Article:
NEW HANOVER COUNTY — New Hanover County and the school system are allocating $600,000 of its N.C. Education Lottery funds this year for new security hardware and entry vestibules on K-12 campuses.
Design and planning for the project will cost $250,000, and the remaining $350,000 will cover the price of the additions and renovations at “various locations,” according to a joint request to the N.C. Department of Public Instruction for release of the funds. The project starts this month and is expected to complete in December 2023.
Board of education members approved the application to NCDPI during its Sept. 7 session as part of its consent agenda. County commissioners also unanimously approved the request Monday after commissioner Rob Zapple pulled it from the consent agenda and asked for further details on the application.
“I recognize you don’t want to give away the barn on this one – it is security and safety – but I think you can provide us with a little more detail,” Zapple told staff.
New Hanover County Schools’ director of facility planning and construction, Leanne Lawrence, confirmed to commissioners the construction project was recommended in a 2019 school district safety audit. Compiled by True North Safety Group, the audit includes a budget, which she described as “basically a price tag for all of their recommendations.”
Lawrence said they are implementing the improvements campus by campus and have incrementally put $1 million toward the effort each year.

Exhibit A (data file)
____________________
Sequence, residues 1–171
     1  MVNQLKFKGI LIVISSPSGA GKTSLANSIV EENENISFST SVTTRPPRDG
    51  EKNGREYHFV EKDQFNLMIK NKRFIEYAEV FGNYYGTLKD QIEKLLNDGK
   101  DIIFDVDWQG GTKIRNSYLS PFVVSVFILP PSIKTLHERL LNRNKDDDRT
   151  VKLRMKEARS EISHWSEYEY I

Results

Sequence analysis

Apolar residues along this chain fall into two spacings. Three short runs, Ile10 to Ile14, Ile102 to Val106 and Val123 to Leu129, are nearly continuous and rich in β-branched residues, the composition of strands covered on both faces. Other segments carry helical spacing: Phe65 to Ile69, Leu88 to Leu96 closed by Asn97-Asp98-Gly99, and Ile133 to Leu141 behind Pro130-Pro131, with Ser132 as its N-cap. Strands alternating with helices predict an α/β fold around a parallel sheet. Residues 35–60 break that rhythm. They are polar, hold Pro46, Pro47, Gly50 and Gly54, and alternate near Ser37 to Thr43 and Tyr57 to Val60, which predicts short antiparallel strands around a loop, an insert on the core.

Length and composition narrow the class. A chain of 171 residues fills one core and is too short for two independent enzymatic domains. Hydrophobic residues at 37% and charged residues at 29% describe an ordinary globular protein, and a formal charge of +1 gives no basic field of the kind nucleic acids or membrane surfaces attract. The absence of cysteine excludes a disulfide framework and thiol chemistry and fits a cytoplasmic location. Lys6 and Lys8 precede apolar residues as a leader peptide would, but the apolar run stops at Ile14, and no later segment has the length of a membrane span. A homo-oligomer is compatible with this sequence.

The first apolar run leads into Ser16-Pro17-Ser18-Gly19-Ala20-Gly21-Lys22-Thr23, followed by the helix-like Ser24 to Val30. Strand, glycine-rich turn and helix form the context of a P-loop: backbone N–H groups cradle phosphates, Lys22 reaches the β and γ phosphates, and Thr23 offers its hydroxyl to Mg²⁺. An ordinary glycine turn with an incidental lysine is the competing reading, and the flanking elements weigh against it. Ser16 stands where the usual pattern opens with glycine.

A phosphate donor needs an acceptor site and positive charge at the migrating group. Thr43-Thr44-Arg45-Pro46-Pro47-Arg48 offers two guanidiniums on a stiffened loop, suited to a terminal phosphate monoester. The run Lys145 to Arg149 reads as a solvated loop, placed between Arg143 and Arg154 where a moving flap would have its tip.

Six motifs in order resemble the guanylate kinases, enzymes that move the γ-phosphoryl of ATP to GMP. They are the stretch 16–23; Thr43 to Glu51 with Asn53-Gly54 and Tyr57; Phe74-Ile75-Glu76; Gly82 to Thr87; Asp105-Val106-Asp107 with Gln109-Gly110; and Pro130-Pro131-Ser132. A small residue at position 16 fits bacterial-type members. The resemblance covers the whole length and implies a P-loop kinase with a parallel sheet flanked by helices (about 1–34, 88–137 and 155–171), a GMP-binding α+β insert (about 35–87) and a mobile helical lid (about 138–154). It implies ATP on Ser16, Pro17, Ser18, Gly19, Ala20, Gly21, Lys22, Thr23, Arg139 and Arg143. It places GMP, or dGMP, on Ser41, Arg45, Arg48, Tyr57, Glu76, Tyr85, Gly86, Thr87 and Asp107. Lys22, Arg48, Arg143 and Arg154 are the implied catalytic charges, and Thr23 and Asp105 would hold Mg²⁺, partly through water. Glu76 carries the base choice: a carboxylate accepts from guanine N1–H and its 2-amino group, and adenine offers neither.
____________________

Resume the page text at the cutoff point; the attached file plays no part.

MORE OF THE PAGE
“I don’t want to discuss the specifics of what we’re doing related to the safety and security publicly because of, obviously, confidential issues,” Lawrence said.
In April, Port City Daily reported $1 million of last year’s lottery money was allotted to build small foyers at the main entrances of Lake Forest Academy and J.C. Roe Center. Visitors must enter through the vestibule and speak with the staff through an intercom before being granted access to the front office, creating a two-point verification system. The technology brings the older campuses up to standard with newer ones.
Investments from the audit are expected to ramp up after an Aug. 30 shooting at New Hanover High, which left one student injured. Four days after the incident, county commissioners took a surprise vote to authorize the county manager to dip into a $350-million pot of money from the sale of the once county-owned hospital to address youth violence. Teens have been increasingly getting their hands on guns since the start of the pandemic, law enforcement officials say.
To date, none of that money has been spent or allocated, but county manager Chris Coudriet has said staff plans to review the school district’s past audits to pinpoint improvements that have yet to receive funding.
Coudriet has made it clear most discussions involving the ongoing effort to guard campuses are under wraps, so as to not give the “playbook” to the wrong people. The county denied a public records request for the audit on similar grounds. Discussions about potential community investments, such as mental health resources, are also kept lowkey to ensure participants feel safe offering their opinions.
In total, NHCS is receiving $1.75 million from the lottery for capital projects this school year. Other allocations are $200,000 for a boiler replacement at Murrayville Elementary; $95,000 for a hot water heater replacement at Veterans Park; $250,000 in flooring repairs at Forest Hills Elementary; $27,500 for a roof replacement at Holly Shelter Middle; $350,000 for painting at Ashley High; and $235,000 for HVAC upgrades at Laney High.
Once the applications are approved, the board of education and commissioners must both pass budget amendments.
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